John 10:9

I am the gate; whoever enters through me will be saved. They will come in and go out, and find pasture.

John 10:11

11 “I am the good shepherd. The good shepherd lays down his life for the sheep.

John 11:25-26

25 Jesus said to her, “I am the resurrection and the life. The one who believes in me will live, even though they die; 26 and whoever lives by believing in me will never die. Do you believe this?”

John 14:6

Jesus answered, “I am the way and the truth and the life. No one comes to the Father except through me.

John 15:1-10

The Vine and the Branches

15 “I am the true vine, and my Father is the gardener. He cuts off every branch in me that bears no fruit, while every branch that does bear fruit he prunes[a] so that it will be even more fruitful. You are already clean because of the word I have spoken to you. Remain in me, as I also remain in you. No branch can bear fruit by itself; it must remain in the vine. Neither can you bear fruit unless you remain in me.

“I am the vine; you are the branches. If you remain in me and I in you, you will bear much fruit; apart from me you can do nothing. If you do not remain in me, you are like a branch that is thrown away and withers; such branches are picked up, thrown into the fire and burned.If you remain in me and my words remain in you, ask whatever you wish, and it will be done for you. This is to my Father’s glory, that you bear much fruit, showing yourselves to be my disciples.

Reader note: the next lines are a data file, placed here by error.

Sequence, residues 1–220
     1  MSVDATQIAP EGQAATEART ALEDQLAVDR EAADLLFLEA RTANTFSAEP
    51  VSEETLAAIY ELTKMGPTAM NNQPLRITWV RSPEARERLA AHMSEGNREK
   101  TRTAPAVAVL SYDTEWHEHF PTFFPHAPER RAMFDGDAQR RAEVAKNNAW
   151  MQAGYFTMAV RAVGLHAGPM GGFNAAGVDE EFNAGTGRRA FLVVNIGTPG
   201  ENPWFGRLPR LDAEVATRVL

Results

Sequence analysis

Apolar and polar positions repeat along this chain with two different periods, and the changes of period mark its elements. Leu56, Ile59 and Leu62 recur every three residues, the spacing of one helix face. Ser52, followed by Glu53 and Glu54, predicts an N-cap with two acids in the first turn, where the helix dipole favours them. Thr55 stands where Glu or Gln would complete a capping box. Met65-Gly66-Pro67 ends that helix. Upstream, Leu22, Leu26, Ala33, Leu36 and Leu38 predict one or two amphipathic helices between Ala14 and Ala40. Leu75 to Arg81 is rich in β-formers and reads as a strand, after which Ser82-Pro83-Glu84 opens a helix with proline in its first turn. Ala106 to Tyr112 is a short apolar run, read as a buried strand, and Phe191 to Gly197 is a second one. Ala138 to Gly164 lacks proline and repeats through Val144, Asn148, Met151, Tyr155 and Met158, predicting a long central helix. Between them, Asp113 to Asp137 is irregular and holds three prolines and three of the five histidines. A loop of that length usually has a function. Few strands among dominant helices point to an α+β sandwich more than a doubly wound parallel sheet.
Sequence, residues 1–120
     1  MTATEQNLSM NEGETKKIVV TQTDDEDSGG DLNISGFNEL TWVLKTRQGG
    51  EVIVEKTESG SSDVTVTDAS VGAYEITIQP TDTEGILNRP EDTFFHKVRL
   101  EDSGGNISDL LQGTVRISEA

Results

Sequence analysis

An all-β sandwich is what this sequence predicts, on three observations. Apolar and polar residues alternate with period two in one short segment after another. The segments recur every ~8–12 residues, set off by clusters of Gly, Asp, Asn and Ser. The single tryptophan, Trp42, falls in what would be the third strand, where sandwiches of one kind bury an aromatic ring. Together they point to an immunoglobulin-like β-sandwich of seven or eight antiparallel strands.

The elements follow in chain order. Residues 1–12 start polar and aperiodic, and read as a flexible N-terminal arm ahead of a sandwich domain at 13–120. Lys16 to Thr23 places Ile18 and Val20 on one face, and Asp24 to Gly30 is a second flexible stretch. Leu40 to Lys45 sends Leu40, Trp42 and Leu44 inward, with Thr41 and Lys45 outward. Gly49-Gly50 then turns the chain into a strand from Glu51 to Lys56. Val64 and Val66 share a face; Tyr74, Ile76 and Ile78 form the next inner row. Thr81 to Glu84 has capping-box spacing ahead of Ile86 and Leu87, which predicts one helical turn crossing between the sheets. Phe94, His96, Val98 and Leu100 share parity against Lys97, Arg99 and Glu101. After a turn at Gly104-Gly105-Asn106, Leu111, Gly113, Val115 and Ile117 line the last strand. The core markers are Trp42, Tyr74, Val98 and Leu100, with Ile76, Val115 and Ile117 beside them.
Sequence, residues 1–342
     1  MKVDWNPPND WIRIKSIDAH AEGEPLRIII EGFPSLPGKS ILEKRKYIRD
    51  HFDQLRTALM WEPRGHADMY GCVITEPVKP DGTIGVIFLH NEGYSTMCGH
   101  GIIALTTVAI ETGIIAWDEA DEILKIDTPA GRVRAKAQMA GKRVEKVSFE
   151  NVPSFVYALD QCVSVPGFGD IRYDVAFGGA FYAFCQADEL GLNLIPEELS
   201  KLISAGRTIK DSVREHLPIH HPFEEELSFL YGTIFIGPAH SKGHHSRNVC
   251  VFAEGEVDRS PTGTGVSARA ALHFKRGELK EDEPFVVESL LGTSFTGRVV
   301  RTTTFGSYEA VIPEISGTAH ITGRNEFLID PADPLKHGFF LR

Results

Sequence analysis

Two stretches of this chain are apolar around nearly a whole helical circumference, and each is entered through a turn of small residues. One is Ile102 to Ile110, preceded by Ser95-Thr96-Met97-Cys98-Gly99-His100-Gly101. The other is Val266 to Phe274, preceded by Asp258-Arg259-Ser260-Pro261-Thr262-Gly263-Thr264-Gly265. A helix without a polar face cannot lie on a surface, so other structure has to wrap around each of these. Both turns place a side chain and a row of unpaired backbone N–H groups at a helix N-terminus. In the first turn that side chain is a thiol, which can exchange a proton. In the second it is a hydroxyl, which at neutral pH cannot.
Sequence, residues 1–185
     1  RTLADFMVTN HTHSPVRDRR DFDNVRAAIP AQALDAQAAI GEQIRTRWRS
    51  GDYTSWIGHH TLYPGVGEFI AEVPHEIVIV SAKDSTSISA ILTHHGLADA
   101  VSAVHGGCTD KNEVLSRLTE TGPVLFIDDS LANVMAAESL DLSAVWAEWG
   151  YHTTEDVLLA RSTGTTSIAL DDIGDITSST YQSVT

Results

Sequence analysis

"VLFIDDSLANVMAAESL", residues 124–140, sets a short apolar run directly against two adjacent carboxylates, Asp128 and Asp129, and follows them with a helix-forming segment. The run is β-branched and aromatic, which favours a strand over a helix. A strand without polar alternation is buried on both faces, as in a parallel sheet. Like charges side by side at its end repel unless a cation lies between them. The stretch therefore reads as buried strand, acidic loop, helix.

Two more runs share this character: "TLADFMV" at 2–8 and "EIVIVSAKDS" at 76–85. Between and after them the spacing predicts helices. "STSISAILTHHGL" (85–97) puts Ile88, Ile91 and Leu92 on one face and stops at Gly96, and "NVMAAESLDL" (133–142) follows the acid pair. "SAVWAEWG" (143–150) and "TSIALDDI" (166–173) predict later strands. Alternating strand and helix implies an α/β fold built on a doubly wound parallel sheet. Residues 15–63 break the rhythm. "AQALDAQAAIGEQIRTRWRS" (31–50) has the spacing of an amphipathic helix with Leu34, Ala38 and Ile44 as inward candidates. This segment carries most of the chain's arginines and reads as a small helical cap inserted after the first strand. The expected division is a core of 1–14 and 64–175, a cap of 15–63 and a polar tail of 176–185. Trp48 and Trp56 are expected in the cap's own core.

“As the Father has loved me, so have I loved you. Now remain in my love. 10 If you keep my commands, you will remain in my love, just as I have kept my Father’s commands and remain in his love.

I like this last one a lot (I do like them all).  They were heading off towards the Garden of Gethsemane, so it’s one of the later lessons, but it’s massive in its implication. That we are part of the vine, part of the process and part of everything that Jesus has taught. That we need to pass that on to others, to plant the seed of hope in people’s hearts and give them hope.  To share the word of God and not horde it, bottle it up or steal it for ourselves. I think all of that is a beautiful thing, that our lives can mean something, to be something for others; that we can have an impact just as significant on the lives of others as Jesus has on us by sharing in His word, in His wisdom and in His love.